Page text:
Richard II – MKA and Speakeasy
Our Machiavellian political leaders have long been described as theatrical. Now they're actually on stage.
September 15, 2014
It's not often that you find yourself frequently laughing out loud in an adaptation of Shakespeare. Rarer yet, that such a classical work would be appearing at Fringe. And yet, in this stand-out show of the festival, Mark Wilson has created something rare, inventive and wholly satisfying. Richard II interrogates leadership, corruption, celebrity, gender and our national politics in one fell swoop. If you see one show this year that features a thought-provoking lap dance from a voluptuous Julia Gillard impersonator, make it this one.
It should be said from the outset that Mark Wilson is extraordinary. An international fellow of Shakespeare's Globe, Wilson has dragged this rarely performed text into the modern day and transformed it into a dynamic modern allegory of Australian leadership. A feat not to be scoffed at, his performance as the ill-fated god-king Richard II *coughKevinRuddcough* combines enthralling Shakespearian soliloquy with modern razor-sharp comedy that is both relatable and intellectually engaging.
Joining Wilson onstage, co-creator of the work Olivia Monticciolo also shines as a particularly ocker, feminine version of Richard's usurper Henry Bolingbroke (no guesses at who she's satirising). Whether stripping down while rocking out to the Boss or defending herself against Richard's telling misogynistic outcries, Henry offers both complementary reason and determination to Richard's hilarious flamboyancy and hubris.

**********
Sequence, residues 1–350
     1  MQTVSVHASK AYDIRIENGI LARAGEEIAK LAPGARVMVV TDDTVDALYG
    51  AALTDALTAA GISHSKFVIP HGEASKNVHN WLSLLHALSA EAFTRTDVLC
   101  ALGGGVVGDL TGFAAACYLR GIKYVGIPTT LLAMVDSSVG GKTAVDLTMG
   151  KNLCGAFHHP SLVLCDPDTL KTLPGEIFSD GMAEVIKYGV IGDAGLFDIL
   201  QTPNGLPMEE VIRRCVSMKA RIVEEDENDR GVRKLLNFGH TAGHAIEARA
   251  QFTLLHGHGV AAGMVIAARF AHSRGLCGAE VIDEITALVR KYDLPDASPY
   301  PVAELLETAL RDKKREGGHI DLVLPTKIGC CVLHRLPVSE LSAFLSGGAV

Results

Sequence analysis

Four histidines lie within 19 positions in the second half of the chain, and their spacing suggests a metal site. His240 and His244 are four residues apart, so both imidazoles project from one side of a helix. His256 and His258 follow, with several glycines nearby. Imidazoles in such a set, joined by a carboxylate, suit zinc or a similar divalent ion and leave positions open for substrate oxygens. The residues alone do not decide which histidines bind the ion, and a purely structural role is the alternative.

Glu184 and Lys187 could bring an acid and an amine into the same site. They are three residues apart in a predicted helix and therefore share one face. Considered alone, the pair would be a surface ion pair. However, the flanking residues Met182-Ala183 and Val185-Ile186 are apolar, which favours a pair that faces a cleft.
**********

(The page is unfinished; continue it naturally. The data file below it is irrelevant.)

Descending from knowing winks at satire to full-blown out of character diatribe from Wilson himself, the allegory of the play is the work's most controversial element. While certain reviewers have expressed disdain for the work's supposed left-wing bias, we feel it's a telling representation of broader political frustrations nationwide. Our country's leadership has been described as Machiavellian and theatrical for some time now, it's only natural that it would eventually work its way on stage.
Don't be put off by your political inclinations or feelings towards Shakespeare. A seamless patchwork of theatrical styles and tongue-in-cheek references, Richard II is a work that can be experienced in many ways. Shakespeare buffs can get a thrill from the innovative performances on show, those well out of the loop can laugh at the straight-up comedy, and together we can all take a bittersweet moment to reflect on the nature of leadership itself. Does it console you at all to know that politicians have been douchebags since the 1500s?